God had promised, from the fall recorded in Genesis 3 and throughout the Old Testament, that he would send a Savior, a Deliverer, a Messiah. Mark is saying that He has appeared – and it is Jesus Christ. As well, the one who was foretold to prepare the way – John the baptizer. 

God kept His Word to send the Messiah (Mark 1:1).  “Beginning” and “Gospel – (Good News)” indicate that something new and exciting has occurred. Mark wastes no time saying exactly who Jesus is – “the Son of God”. This is Mark’s favorite title and reveals to us Jesus’ unique and unparalleled relationship with God. Jesus’ disciples failed to recognized Him as the Son of God until after the resurrection. Demons knew it (Mark 3:11; 5:7) and the Roman soldier recognized Jesus as “the Son of God” (Mark 15:39).

God kept His Word to send His Forerunner (Mark 1:2-4). Mark quotes the most well known of the prophesies concerning the one who would prepare the way (Isaiah 40:3). The Lord is coming!



Verses 4-8 establish that John the Baptizer was a fulfillment in biblical prophecy signaling a new day in redemptive history. God is redeeming His people from sin and death through the cross of Christ. John the Baptist was a strange evangelist – but is a life worth emulating. He was faithful in proclaiming an urgent message of repentance and his humility was evident (verse 7). John knew who Jesus was in God’s plan. He also knew who he was in God’s plan. John knew that he must decrease so that (Jesus) could increase (John 3:30). John would be imprisoned and beheaded by age 35. The world scoffed at him and yet heaven smiled.

John lived a life that was set apart from the world. His character was a statement against the norm. He took on Elijah’s approach. He was declaring that there was another way. He was fearless. He warned of coming judgment. He lived differently to portray to others that there was a different way. Many believed because of John. Jesus said that there was no one like John the Baptist (Luke 7:28).

Like John, we need to be faithful and humble preachers of the Good News of Jesus Christ. Mark introduces us to Jesus, the central character in all that follows. Who do you say that Jesus is?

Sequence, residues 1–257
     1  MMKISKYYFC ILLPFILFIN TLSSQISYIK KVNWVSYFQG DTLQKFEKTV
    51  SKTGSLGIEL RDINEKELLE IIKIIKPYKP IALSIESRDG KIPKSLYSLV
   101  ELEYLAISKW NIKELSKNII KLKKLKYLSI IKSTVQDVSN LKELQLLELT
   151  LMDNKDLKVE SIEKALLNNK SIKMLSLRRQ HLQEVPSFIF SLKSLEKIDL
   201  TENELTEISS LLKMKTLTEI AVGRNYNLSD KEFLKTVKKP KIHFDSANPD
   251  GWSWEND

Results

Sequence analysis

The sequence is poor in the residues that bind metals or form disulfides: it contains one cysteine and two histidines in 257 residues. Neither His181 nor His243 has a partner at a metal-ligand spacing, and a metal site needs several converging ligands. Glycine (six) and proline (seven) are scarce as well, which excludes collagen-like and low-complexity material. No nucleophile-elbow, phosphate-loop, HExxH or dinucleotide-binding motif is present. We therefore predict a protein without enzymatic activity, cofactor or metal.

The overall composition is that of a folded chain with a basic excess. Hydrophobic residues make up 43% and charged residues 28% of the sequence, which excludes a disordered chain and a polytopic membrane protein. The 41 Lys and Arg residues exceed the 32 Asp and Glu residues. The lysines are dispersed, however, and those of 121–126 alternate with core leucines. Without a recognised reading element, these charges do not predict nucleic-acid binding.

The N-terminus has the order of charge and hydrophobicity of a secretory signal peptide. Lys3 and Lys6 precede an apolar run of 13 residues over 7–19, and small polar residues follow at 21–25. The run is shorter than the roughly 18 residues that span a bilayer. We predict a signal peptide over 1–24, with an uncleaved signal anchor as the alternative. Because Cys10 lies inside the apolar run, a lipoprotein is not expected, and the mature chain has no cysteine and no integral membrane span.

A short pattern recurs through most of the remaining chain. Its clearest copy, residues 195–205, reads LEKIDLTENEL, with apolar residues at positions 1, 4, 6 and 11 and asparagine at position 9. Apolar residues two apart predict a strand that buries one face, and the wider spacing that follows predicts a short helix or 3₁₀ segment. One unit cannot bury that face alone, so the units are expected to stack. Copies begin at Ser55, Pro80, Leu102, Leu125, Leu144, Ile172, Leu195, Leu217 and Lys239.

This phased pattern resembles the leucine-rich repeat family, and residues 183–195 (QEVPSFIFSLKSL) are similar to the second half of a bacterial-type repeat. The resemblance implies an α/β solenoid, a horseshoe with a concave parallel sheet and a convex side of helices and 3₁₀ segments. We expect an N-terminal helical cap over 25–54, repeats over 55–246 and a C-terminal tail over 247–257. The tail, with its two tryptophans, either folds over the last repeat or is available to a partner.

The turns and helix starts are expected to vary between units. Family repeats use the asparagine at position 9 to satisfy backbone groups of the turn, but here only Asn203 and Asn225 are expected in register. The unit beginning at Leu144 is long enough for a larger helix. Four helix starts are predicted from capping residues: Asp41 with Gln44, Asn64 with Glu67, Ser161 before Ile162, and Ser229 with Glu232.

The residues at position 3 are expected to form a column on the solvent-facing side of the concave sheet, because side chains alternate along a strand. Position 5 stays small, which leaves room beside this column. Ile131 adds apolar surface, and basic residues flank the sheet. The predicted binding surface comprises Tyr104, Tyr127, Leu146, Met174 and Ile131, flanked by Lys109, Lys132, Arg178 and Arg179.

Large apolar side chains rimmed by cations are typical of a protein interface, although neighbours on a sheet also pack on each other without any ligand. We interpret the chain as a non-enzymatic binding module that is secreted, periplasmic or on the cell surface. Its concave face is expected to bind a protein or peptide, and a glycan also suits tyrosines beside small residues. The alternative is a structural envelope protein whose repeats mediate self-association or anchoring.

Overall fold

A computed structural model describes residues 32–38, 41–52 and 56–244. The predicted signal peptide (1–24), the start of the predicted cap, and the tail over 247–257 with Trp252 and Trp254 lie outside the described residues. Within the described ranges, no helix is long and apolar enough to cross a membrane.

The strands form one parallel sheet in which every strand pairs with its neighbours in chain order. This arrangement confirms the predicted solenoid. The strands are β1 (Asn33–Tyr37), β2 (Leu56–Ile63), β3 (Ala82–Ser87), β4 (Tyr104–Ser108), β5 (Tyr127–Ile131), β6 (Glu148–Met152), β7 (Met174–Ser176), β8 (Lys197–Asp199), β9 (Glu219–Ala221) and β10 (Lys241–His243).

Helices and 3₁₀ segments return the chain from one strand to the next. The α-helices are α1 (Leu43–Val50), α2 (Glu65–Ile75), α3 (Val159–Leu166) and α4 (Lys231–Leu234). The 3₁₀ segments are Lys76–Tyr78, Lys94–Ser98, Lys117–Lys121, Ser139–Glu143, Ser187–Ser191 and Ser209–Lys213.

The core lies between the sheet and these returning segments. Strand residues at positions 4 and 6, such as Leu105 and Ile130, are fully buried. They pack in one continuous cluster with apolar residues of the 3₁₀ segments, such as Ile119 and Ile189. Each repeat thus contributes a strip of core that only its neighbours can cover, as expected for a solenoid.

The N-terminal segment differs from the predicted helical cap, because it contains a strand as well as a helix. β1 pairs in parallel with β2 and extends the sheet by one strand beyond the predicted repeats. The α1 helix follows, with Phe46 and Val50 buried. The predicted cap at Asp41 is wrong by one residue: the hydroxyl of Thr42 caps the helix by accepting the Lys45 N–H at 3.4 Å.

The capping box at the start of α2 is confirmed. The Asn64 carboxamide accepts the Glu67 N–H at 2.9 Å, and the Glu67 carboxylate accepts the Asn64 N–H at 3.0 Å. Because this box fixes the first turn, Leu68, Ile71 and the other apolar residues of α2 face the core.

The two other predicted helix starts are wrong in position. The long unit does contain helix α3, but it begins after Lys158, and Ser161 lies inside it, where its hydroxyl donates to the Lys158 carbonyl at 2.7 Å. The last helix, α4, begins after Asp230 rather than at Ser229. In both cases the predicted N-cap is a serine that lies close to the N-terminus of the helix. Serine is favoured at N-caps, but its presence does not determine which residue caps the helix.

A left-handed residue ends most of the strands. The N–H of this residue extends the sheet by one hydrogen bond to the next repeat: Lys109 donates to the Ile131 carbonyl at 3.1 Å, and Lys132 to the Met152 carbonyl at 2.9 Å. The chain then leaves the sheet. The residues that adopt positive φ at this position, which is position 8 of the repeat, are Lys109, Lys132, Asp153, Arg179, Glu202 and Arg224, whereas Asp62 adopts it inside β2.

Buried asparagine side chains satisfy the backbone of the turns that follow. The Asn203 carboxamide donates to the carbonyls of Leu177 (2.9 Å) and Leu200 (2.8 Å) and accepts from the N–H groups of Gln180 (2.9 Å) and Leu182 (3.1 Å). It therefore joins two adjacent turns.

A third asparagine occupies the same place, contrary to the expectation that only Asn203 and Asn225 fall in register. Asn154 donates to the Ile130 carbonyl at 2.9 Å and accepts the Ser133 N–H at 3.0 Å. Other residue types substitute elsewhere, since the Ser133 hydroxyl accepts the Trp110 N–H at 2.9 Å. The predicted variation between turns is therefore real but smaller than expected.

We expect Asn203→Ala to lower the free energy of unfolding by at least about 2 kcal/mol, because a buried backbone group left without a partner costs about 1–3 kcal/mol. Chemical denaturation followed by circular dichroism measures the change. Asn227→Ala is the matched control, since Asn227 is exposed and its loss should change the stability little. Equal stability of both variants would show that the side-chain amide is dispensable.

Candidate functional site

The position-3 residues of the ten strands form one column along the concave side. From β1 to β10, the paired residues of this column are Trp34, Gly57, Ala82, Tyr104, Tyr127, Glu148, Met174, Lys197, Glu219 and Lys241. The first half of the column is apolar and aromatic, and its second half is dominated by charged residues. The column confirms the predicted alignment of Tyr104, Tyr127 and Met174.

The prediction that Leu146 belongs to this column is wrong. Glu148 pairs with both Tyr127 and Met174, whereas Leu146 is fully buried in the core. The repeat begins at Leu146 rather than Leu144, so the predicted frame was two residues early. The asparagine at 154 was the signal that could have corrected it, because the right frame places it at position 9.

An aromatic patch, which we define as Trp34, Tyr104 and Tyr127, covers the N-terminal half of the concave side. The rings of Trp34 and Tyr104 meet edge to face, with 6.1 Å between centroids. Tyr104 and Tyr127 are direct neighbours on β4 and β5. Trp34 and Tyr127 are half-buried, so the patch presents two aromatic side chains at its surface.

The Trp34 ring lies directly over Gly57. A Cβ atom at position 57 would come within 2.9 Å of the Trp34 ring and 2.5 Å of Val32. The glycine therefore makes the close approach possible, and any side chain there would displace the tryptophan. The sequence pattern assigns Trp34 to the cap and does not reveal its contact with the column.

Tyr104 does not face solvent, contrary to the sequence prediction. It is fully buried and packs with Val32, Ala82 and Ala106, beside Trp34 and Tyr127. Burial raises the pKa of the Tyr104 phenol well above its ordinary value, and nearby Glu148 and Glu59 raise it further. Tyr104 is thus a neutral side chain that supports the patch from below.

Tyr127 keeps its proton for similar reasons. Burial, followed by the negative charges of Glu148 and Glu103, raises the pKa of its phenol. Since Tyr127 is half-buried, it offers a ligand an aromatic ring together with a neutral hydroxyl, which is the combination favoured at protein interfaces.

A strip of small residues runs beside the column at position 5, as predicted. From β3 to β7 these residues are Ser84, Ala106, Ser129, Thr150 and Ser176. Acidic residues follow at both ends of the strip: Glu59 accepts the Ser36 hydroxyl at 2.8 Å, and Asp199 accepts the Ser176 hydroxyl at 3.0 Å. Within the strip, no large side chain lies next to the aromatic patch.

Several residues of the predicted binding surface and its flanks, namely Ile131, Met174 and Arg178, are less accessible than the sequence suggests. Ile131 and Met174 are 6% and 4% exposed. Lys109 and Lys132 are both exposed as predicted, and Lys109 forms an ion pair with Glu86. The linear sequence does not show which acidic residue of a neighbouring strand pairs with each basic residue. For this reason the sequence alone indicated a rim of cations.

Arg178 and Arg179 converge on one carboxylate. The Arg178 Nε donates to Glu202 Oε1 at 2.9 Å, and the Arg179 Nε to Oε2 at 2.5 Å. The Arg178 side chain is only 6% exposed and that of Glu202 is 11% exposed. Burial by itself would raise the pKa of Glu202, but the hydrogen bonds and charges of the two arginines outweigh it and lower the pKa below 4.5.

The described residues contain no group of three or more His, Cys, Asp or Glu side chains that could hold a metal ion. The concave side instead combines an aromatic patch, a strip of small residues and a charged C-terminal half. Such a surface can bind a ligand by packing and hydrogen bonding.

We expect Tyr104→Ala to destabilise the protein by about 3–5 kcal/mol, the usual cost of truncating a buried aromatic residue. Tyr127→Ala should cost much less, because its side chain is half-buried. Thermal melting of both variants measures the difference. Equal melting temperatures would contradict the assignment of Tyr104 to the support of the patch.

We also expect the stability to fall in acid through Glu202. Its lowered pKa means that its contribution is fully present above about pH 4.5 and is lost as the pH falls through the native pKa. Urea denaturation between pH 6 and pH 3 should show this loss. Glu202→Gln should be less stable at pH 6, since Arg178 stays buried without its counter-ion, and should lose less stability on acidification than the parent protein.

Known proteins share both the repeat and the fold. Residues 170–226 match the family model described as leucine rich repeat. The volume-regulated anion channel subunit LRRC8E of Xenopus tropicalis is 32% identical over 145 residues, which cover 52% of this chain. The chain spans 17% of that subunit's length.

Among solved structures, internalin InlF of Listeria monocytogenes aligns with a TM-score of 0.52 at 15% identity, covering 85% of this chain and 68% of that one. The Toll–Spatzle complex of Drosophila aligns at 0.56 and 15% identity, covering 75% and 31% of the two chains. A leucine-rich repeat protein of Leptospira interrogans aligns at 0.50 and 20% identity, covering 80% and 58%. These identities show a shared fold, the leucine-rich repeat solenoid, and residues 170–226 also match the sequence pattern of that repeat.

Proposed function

This week, as you reflect on the message, utilize this section to help you apply what has been taught to your life. Think of friends, co-workers, neighbors, family etc., that you could meet with to have a time of mutual sharing as you open God’s Word together.


This simple acronym (BLESS, B - Bless, L - Listen, E - Eat, S - Speak, S - Sabbath) should help you to frame your life according to the great commandment “love God” (Matthew 22:37) and the expression of that commandment in loving your neighbor (John 13:34). Each time you meet, start by discussing the rhythms of your life according to B.L.E.S.S.

Intentionally bless: Christ-followers, non-believers and those different than you.

Listen to what God is saying to you, through His Word and others.

Share a meal with a Christ-follower and also a non-believer.

Talk to God through prayer and to others about Jesus through witness.

Be intentional about taking time to both rest and recreate.


Read: Mark 1:1-8

What is the advantage of having four Gospels, all telling essentially the same story?

What role does John the Baptist play in this portion of redemptive history?

Why do you think John gained a large following? What was his message?

Describe the reasons why we need a Savior.